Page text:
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Special Report : Côte d'Ivoire

Private sector : A national priority

Par Francine Yao - Publié en janvier 2022
The Tomates de Côte d'Ivoire (TOMACI) factory, in the Treichville port area, belongs to the company Carré d'Or. NABIL ZORKOT
The Tomates de Côte d'Ivoire (TOMACI) factory, in the Treichville port area, belongs to the company Carré d'Or. NABIL ZORKOT

Businesses and entrepreneurs will play a central role in the structural transformation of the economy.

​​​​​​​The General Confederation of Côte d'Ivoire Companies (CGECI) considers the private sector to be a determining factor in the national economy. It accounts for two-thirds of total investment and 83% of formal employment and contributes 90% of the state's budgetary resources. However, due to the impact of the Covid-19 health crisis, almost 38% of these companies have seen a slowdown in their activities and 2.5% of them have closed down. Yet, despite this, the sector has been surprisingly resilient. The country's growth rate remained positive at around 2% in 2020. This performance is partly due to the government's ability to support companies using a number of instruments, including the Support Fund for Large Companies, the Fund for Small and Medium-sized Enterprises (SMEs), and the Informal Sector Support Fund.  More than 830 companies and 114,000 players have benefited from this support. Given the performance of the private sector and, above all, its crucial contribution to the economy, the government intends to make it a national cause, promising it massive support, mainly through a plan to strengthen the partnership, estimated at 59,000 billion CFA francs, as laid out in the  2021-2025 National Development Plan. This private sector support plan provides for an increased investment of 75% in SMEs. “There is no other way to ensure that the private sector can move forward at the speed that the state would like; we have to create an extremely close partnership that allows some to support the others,” said Prime Minister Patrick Achi on 25 October at the offices of the Prime Minister. This dynamic was set in motion when his team brought together private sector stakeholders to voice their concerns during the April 2021 government seminar, an initiative greatly welcomed by the guests, as it was a first in the country.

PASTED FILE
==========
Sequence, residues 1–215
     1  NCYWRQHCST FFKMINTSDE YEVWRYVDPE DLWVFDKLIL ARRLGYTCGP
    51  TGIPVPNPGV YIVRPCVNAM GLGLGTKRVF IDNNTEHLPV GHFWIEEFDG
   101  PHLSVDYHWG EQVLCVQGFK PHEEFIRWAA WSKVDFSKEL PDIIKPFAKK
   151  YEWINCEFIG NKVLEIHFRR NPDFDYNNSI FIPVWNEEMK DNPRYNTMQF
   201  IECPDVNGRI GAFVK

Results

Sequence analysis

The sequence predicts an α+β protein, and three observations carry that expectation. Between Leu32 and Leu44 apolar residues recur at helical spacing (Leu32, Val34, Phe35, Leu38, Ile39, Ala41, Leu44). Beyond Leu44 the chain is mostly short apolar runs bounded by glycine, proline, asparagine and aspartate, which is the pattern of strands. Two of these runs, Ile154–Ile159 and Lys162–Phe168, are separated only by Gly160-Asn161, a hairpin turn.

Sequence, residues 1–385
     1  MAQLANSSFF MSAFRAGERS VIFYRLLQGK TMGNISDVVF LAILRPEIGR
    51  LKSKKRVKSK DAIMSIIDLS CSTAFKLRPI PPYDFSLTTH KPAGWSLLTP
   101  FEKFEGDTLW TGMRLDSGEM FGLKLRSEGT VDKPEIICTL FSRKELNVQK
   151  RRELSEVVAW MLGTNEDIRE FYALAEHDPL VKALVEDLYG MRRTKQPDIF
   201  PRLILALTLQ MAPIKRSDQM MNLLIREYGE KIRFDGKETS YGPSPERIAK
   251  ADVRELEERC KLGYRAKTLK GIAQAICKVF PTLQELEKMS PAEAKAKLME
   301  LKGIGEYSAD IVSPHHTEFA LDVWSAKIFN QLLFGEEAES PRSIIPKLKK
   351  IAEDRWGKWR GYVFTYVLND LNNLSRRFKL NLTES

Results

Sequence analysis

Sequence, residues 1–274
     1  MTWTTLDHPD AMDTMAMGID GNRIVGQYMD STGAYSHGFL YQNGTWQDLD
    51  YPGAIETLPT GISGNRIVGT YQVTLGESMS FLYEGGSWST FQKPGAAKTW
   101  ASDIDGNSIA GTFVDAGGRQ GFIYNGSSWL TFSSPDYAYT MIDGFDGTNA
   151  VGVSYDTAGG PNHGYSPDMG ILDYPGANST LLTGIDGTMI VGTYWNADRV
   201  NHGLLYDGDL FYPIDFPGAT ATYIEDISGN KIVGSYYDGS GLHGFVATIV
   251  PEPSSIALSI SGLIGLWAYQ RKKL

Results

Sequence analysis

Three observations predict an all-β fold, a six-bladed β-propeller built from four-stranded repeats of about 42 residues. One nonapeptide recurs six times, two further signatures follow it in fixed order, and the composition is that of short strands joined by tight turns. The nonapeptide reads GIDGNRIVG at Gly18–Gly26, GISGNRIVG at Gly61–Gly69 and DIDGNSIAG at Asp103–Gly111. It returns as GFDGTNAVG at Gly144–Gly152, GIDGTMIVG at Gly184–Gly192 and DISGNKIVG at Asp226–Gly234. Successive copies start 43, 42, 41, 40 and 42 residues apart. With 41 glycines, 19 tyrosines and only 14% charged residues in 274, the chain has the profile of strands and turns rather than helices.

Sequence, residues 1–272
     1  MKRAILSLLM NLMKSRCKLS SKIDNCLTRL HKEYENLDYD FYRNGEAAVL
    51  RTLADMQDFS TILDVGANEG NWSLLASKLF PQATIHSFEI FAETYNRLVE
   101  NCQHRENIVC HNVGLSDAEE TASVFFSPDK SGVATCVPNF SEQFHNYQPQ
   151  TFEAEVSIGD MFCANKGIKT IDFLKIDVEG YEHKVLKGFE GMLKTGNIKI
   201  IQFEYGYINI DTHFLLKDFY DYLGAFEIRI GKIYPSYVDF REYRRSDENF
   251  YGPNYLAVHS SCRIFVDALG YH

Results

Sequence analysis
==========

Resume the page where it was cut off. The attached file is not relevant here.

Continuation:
Selecting local businesses

Major reforms were announced during the 9th edition of the CGECI Academy, which was held on 28 and 29 October at the Sofitel Abidjan Hôtel Ivoire. They focus, among other things, on the National Champions programme, the aim of which is to identify and rigorously select local players so as to enable the emergence of high-potential companies. The objective is to create business ecosystems in promising sectors such as agribusiness, energy, transport, tourism, textiles, etc. “The solution is to develop the private sector, which is the main source of employment. If we don’t do what we can to develop it, we won’t have sufficient revenue,” said the Prime Minister at the event. “We will soon be launching a support and financing programme for entrepreneurs, VSEs and SMEs, structured around a one-stop service capable of offering a central entry point to anyone setting up a business, by coordinating a continuum of services and financing for the activity.” Jean-Marie Ackah, president of the CGECI, welcomed the government's commitment to consolidating the state-private sector partnership on 4 November, saying: “We have just had, in the space of 10 days, a second working session with the Prime Minister and members of the government. We’re very satisfied with the roadmap that has been established.”

Fostering professional integration

Given that the private sector is the main provider of salaried jobs, the government has given it pride of place. It is even considered a national priority in the President's Vision 2030. The objective is to create 8 million additional jobs by that date, mainly for the flood of young people who enter the market each year. Furthermore, the government has included wealth and job creation in Alassane Ouattara's “Une Côte d'Ivoire Solidaire” programme. In this way, industries such as the processing of raw materials (cocoa, cashew nuts, cotton, etc.) will be utilised for professional integration.